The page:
Business, indeed, is the key word. The club is one of the few sports entities floated on the stock exchange and is still majority owned by the Agnelli family, the Italian business dynasty. As a result, the club’s approach to sustainability is more akin to a Fortune 500 company than a European football team.
This is best illustrated by the annual sustainability report the club has produced every year since it became a priority subject in 2013. The 2018/19 edition of the report is an 89-page document, verified by PricewaterhouseCoopers. It is a detailed but digestible snapshot of Juventus’ work in this area.
“The Juventus mindset is to look ahead, live ahead,” club president, Andrea Agnelli, wrote in his accompanying letter to stakeholders.
“Six years ago, this has allowed us to become one of the first football clubs to ever speak of sustainability. In these years, this approach has gone further, and we no longer speak as a football club, but as a football company.
“Today the world requires a growing evolution, which will make us become players with a new skill: the ability to make an impact.”
Although the report is published annually, the recent edition demonstrates a piece of work that has been two years in the making. In 2017, Juventus created a department dedicated to sustainability, and with the newly-appointed sustainability and external relations manager, Andrea Maschietto (previously of Deloitte and Ferrero), the club produced a framework on which to build its strategy.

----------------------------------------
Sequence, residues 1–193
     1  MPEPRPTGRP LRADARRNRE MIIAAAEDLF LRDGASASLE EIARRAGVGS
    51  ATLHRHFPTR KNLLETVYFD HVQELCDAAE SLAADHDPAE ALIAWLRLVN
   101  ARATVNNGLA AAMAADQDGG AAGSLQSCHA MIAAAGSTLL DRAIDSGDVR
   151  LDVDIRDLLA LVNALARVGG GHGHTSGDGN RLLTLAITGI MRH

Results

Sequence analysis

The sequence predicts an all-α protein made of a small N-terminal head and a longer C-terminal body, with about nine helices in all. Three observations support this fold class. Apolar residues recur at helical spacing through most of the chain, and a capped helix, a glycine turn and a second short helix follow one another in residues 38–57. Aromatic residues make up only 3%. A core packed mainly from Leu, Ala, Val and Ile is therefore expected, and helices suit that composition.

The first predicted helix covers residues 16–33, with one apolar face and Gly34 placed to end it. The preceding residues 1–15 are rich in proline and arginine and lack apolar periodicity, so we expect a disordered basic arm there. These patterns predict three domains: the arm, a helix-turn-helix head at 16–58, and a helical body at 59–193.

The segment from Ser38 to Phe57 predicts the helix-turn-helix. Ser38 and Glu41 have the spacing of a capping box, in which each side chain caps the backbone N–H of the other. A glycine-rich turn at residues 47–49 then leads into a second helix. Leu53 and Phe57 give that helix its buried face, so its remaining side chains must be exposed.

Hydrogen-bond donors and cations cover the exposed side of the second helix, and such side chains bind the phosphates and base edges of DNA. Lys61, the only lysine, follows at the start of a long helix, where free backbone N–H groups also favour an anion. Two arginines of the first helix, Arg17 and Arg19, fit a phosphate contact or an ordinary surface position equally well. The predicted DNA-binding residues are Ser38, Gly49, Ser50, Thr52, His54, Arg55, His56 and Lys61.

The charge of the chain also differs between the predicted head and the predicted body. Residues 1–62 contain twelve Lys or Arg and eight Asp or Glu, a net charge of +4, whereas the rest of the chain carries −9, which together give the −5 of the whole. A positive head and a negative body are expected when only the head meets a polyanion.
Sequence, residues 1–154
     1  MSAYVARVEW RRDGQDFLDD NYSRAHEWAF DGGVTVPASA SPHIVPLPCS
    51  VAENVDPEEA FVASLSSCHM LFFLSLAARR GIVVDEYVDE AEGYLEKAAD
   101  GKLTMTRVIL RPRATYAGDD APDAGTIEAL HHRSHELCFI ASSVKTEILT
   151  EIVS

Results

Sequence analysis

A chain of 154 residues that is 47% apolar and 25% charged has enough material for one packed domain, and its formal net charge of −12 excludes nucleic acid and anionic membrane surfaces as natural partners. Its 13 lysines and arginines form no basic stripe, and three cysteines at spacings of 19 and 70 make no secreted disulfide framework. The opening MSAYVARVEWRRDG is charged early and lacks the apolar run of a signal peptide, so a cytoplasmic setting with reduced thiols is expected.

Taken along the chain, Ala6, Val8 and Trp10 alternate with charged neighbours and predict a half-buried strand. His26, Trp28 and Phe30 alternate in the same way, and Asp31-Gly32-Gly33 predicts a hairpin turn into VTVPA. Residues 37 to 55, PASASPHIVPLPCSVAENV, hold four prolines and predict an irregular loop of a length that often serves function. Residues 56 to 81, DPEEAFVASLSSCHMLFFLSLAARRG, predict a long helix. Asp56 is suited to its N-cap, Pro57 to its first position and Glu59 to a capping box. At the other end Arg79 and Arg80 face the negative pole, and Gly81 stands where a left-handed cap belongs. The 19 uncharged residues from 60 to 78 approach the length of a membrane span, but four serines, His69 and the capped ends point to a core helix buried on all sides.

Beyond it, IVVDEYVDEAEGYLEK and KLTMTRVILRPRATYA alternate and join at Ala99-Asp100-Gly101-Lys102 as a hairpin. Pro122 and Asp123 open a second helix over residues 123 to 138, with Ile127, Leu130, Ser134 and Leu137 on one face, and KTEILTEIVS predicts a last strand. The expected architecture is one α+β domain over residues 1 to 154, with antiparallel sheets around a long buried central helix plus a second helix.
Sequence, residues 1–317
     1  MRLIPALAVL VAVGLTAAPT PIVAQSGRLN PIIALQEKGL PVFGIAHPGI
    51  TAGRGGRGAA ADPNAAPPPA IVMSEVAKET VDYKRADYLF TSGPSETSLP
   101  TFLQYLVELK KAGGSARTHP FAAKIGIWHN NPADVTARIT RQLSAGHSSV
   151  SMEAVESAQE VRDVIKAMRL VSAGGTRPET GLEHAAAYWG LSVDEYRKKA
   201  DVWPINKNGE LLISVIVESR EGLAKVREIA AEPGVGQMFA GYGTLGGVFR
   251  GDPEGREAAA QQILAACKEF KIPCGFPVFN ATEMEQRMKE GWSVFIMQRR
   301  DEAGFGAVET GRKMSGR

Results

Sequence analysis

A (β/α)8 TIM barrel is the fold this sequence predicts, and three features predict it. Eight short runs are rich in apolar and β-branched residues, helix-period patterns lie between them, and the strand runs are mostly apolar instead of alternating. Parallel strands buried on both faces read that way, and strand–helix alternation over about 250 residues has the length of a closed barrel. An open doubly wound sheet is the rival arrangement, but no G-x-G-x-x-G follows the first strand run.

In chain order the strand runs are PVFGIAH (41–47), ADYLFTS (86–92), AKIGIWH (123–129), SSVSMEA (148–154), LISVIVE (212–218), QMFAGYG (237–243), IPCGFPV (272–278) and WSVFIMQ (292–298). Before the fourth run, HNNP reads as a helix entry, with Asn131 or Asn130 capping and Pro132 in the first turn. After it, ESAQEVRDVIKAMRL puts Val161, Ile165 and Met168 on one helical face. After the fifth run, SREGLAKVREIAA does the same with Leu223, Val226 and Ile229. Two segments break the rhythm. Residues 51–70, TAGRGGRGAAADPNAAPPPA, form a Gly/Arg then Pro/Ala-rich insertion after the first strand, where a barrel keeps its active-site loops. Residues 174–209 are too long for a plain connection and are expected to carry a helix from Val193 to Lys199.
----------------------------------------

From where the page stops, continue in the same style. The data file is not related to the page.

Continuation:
The first step was to launch an internal review, canvassing the individuals in leadership positions – including those in charge of the football operations – to distinguish which areas of sustainability are the most materially important to Juventus Football Club.
These priorities were then mapped out onto a materiality matrix, with issues like social and cultural inclusion, governance, and the fight against racism featuring highly in both internal and external relevance. According to Maschietto, the process helped the club define which of the UN 2030 Sustainable Development Goals to factor into its business strategy.
Four have been chosen: SDG3: Good health and wellbeing; SDG4: Quality education; SDG10: Reduced inequalities; and SDG17: Partnerships for the Goals.
“We’ve identified the SDGs that as a football company we can support,” Maschietto tells The Sustainability Report. “We chose good health because first and foremost we are a sports team. Education is an important issue during this period in Italy, and we can reduce inequalities through the power of football.